Ensuring Consistency in RECIST 1.1 Reads

Per FDA guidelines, it’s important to have standardized medical imaging criteria to capture the response of a tumor to an oncology treatment. RECIST is this standard for solid tumors – introduced in 2000 and revised in 2009 to become RECIST 1.1. [1]

 Discrepancies in RECIST 1.1 Assessments

RECIST criteria is not always reported accurately, and variability in tumor response assessment may be disastrous for measuring true treatment effect.

In one report, a Phase II clinical trial that used local investigators, blinded independent central review, and adjudicators was analyzed by looking at the discrepancies of RECIST 1.1 assessments. According to the report, “the adjudication rate at declaring progressive disease per patient was 36.7%.” [2]

Report authors found that variability resulted primarily from differences in reporting new lesions, along with the measured change of the tumor burden and the progression of non-target lesions. The authors cite advanced training, stringent annotation quality control, and the use of technology as possible methods to further improve the consistency of reads and reduce adjudication rate.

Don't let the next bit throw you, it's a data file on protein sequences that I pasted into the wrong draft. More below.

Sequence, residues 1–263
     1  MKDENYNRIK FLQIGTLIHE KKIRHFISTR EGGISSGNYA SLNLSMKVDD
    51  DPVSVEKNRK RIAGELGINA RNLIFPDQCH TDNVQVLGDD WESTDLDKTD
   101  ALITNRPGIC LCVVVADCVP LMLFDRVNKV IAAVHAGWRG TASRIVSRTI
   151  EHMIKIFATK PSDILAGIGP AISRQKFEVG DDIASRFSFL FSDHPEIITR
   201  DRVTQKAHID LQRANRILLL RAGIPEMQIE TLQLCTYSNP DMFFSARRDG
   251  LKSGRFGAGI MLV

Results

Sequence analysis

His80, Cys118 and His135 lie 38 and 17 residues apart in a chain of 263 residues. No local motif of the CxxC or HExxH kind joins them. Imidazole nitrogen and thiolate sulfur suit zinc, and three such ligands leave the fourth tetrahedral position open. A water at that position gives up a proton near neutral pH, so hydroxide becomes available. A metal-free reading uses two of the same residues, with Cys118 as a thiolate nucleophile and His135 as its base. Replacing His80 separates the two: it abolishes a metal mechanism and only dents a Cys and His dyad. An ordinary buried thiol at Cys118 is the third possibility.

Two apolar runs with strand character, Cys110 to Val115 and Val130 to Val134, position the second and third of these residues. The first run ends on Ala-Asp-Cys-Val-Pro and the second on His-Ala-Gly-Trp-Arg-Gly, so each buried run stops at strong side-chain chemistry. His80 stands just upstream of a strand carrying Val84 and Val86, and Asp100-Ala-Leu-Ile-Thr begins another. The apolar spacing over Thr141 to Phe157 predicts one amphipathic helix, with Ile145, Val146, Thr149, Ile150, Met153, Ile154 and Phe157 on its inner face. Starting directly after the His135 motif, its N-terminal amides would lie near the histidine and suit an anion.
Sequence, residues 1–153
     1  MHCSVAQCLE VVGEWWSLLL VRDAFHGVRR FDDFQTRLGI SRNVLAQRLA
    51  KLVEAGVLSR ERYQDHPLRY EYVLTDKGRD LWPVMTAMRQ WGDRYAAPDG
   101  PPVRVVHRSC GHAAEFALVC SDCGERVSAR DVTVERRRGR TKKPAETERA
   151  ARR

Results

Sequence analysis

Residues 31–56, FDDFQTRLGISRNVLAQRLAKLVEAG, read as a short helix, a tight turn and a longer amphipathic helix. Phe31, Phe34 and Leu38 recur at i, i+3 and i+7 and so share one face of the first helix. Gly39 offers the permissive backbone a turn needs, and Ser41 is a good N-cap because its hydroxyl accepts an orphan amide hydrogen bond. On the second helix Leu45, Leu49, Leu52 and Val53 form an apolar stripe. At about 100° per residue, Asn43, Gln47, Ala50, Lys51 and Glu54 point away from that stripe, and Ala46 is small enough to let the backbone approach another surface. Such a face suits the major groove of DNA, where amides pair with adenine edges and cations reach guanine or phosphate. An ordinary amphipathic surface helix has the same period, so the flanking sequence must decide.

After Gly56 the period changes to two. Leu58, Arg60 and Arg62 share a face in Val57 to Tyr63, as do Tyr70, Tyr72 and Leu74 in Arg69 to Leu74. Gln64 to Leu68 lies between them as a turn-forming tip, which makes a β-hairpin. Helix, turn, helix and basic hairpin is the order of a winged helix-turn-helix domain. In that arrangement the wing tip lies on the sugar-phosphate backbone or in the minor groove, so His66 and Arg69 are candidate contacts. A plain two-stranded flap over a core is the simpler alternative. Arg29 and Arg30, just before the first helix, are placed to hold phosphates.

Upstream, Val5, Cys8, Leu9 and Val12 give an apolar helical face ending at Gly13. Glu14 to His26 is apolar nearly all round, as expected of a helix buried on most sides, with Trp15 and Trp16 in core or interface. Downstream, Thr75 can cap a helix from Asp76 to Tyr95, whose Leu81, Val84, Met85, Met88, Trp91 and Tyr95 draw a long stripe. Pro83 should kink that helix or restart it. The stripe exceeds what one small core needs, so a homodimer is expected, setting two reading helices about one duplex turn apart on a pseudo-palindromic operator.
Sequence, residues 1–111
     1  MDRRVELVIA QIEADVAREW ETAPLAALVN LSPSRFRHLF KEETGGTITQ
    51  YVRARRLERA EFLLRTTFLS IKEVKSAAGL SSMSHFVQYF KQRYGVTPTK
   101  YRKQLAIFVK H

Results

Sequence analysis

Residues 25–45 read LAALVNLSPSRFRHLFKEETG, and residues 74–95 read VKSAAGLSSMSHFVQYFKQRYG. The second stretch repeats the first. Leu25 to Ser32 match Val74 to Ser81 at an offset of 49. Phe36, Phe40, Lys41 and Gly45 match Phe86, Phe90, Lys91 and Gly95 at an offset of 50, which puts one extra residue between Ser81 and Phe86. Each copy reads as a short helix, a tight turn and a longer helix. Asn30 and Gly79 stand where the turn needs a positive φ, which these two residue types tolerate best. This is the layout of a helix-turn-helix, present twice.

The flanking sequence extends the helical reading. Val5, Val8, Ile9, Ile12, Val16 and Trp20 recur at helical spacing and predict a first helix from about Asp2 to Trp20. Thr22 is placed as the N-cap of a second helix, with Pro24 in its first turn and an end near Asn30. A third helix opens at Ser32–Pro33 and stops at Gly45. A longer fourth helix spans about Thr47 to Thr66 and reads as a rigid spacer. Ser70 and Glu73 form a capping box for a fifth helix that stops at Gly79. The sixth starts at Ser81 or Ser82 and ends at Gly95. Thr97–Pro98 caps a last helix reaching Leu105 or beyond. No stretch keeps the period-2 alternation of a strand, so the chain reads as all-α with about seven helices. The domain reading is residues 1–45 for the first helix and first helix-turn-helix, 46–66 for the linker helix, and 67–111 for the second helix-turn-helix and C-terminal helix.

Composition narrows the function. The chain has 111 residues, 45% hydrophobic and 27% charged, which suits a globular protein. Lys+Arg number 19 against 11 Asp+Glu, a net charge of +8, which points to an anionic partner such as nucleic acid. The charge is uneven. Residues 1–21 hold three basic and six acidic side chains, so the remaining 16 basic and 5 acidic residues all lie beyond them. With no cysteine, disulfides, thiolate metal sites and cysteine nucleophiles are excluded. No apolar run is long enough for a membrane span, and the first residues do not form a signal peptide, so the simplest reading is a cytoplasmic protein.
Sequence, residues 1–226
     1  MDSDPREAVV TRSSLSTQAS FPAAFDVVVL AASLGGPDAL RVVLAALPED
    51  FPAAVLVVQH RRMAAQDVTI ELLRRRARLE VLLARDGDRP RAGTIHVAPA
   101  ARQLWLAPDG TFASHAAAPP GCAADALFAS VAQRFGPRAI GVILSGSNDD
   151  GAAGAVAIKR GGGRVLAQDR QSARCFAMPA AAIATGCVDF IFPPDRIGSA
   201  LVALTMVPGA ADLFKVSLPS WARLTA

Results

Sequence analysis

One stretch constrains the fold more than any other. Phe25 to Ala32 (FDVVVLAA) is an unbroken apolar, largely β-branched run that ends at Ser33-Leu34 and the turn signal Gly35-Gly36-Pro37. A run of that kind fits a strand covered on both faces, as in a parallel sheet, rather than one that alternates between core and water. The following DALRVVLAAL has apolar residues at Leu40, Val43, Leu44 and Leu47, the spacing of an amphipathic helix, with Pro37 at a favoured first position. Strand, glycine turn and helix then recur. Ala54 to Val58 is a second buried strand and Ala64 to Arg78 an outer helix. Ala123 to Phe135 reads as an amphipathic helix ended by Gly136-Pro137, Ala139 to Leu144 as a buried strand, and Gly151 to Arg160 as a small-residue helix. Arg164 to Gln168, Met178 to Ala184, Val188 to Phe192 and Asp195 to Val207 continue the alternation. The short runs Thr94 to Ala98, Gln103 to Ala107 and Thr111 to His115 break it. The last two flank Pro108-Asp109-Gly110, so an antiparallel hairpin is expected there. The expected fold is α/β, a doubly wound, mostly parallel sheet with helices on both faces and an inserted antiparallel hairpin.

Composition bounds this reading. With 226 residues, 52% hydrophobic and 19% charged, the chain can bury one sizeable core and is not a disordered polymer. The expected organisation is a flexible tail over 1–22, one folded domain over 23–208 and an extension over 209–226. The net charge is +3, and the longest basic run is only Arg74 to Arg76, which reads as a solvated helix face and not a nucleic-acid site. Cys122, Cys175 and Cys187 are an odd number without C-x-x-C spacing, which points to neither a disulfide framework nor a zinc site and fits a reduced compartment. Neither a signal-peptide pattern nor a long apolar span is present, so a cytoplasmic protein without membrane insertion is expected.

Selecting a Study-Specific Approach

Images are either interpreted at a clinical site, centralized facility that receives images from clinical sites, or both – and there is no one-size-fits-all best approach to reads. Trial design features, blinded vs. unblinded image interpretation, and the specific vulnerabilities of different imaging modalities, along with other factors, all play a role in selecting the best approach for your study.

  • Site-based reads are typically performed by the radiologist that happens to be on site/staff that day. This may bring in increased variability, with the same reader typically not reading images for the entire study or all the time points for a single subject.
  • Centralized reads use a smaller number of readers who are selected based on training and experience, and who align best with study requirements. However, per FDA guidance, centralized image interpretation is not always necessary. [3]
  • Studies may use both a local investigator as well as blinded independent review. When both local and centrally read RECIST criteria are used, it is important to decide at the beginning of a study which group determines the primary target tumor.